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The work was necessarily slow at the beginning, and delays in transportation then did not hinder it as much as they would have done later. The first missionaries had to make grammars and dictionaries, translate the Bible, write tracts, and in general lay the foundation. As the work grew, and it became possible to have schools on a large scale, and the way opened for the preaching of the gospel, the improved methods of transportation were brought into use, and it was possible to send large

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companies of missionaries to occupy posts all over the heathen. world.

Thus divine Providence in a wonderful way has gone before the missionary. When the facilities were most needed, they were provided. And no enlightened Christian can look on the marvelous intellectual advancement of the nineteenth century in any other light than as a means of bringing the gospel to every nation and kindred and tongue and people, and of preparing the world for the coming of Christ.

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The prophecy came not in old time by the will of man: but holy men of God spake as they were moved by the Holy Ghost." 2 Peter 1:21.

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"Son of man, I have made thee a watchman unto the house of Israel." Eze. 3: 17.


A Revival of Interest in the Prophecies

PROPHECY is a characteristic feature of the Christian religion. It constitutes more than one third of the Scriptures, and may be said to form the vital framework of the whole Bible. But prophecy is more than a framework. It is everywhere mingled with the substance of the Bible as a quickening spirit, giving beauty and far-reaching significance to the most ordinary subjects therein treated, and lighting up the things of time with glimpses of the eternal.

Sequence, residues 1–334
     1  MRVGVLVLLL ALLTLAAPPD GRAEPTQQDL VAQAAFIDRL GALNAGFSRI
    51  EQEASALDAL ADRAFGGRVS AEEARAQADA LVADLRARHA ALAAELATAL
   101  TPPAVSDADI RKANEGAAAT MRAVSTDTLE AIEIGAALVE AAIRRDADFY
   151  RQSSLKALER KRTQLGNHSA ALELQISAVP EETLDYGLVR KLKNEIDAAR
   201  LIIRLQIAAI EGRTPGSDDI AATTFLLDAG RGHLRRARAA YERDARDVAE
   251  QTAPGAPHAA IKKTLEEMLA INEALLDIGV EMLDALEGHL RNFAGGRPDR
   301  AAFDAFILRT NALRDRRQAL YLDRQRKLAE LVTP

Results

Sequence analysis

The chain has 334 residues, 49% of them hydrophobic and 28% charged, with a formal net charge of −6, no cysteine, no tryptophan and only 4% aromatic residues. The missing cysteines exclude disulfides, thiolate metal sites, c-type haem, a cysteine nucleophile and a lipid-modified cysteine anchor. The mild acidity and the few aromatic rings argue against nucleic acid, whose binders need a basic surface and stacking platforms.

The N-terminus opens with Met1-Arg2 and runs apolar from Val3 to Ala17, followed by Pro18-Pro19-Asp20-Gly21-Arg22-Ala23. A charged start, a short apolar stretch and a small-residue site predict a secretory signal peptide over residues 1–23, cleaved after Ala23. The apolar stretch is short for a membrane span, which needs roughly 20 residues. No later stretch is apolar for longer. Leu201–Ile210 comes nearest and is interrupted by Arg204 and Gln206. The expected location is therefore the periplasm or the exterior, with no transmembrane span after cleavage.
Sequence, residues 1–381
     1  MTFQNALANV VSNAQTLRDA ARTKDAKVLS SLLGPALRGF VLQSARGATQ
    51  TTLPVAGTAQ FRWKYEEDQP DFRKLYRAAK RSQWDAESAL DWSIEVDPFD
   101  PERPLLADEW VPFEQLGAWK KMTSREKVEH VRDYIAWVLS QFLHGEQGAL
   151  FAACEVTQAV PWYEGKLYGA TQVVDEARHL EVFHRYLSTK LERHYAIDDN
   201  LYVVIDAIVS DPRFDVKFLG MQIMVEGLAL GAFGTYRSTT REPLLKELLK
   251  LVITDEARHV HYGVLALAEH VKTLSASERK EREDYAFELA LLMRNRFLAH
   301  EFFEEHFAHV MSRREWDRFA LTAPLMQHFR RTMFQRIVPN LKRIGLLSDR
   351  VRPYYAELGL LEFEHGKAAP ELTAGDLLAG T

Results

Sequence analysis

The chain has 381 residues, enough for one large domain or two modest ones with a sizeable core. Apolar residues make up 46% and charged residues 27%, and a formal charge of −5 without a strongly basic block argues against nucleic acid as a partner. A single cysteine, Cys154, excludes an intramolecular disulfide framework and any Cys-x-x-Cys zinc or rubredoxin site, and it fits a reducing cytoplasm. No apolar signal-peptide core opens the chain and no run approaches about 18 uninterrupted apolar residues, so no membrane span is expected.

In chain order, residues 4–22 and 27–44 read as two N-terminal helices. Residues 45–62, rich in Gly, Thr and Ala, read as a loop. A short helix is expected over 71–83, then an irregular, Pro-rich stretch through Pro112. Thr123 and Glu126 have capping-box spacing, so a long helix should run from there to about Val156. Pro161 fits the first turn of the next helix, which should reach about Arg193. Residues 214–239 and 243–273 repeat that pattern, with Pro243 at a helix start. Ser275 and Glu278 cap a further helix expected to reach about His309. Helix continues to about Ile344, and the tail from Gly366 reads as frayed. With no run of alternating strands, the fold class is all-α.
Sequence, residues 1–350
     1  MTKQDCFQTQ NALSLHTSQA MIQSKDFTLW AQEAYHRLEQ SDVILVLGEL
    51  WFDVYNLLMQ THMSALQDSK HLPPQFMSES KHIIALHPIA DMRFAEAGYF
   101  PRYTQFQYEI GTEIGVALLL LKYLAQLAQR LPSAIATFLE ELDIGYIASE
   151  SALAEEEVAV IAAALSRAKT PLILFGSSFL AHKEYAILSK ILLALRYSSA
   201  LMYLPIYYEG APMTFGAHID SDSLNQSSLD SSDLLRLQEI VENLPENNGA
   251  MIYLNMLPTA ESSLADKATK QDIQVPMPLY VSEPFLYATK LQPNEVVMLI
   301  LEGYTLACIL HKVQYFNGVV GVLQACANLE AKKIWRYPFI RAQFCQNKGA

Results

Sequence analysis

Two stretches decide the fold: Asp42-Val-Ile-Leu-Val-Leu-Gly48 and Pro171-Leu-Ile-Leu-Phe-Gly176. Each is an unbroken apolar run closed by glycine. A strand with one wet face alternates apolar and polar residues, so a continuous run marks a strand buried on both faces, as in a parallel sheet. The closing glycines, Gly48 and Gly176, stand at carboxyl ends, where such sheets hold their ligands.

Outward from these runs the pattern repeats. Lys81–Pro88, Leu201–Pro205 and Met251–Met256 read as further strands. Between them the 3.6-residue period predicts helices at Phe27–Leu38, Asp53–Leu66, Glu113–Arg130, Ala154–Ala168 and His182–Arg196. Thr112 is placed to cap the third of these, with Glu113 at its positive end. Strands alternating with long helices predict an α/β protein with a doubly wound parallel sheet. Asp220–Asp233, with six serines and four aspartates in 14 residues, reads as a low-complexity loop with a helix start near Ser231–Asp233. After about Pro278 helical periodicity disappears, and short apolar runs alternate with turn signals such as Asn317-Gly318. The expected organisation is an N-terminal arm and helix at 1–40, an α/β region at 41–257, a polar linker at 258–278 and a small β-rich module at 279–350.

Prophecy has been called the mold of history. It marks out the divine plan of the ages. A knowledge of it is necessary to a large view of the scheme of redemption. Mortal man, struggling onward amid darkness, oppressed mayhap by doubt and discouragement, is often led to ask, "What of the night?" Prophecy gives him the answer,-" The morning cometh, and also the night."

Prophecy was the glory of Old Testament times. By its light Abraham saw the day of the Messiah; henceforth his life was no longer bounded by the narrow limits of the earthly Canaan: "he looked for a city which hath foundations, whose

builder and maker is God." David was a seer, and his psalms are instinct with the very essence and glory of prophecy. God's people of old were strongly marked by the expectant spirit. Their hearts were cheered in the Babylonian captivity by the prophetic promises. When galled by the Roman yoke, they encouraged themselves by glad anticipations of a King who should rule in righteousness. And although the Jews as a nation had



"He looked for a city which hath foundations, whose builder and maker is God." Heb. 11: 10.

fallen from their high estate when the Saviour appeared, yet there were not wanting some faithful souls who, through their knowledge of prophecy, were looking for the Consolation of Israel.

When the Saviour came to this earth, He walked in the path marked out for Him in prophecy. And when, after His crucifixion and resurrection, He accompanied the two disciples to Emmaus, He chided them, not because they had neglected His instruction, but because of their ignorance of the prophetic

word. Yet the prophecies concerning the first advent of our Saviour are really few and obscure compared with those which speak of His second coming in glory.

In the early church, prophecy was a vital part of the teaching. Those devout followers of the Lamb who are said to have. coveted the crown of martyrdom, looked beyond the present life. Their hearts were cheered by the expectation of a coming



"Beginning at Moses and all the prophets. He expounded unto them in all the Scriptures the things concerning Himself." Luke 24: 27.

Saviour. They pondered the words of Paul concerning the falling away which must intervene before the glorious appearing of their Master. To them, engaged in a death grapple with paganism, the world about them almost wholly given to idolatry, their own earthly lives hanging as it were by a slender thread, prophecy was indeed a light shining in a dark place, until the day of the kingdom should dawn, and the day-star arise in their hearts.

But other times followed,- years of worldly favor, but of spiritual drouth and famine. The Christian church was at ease

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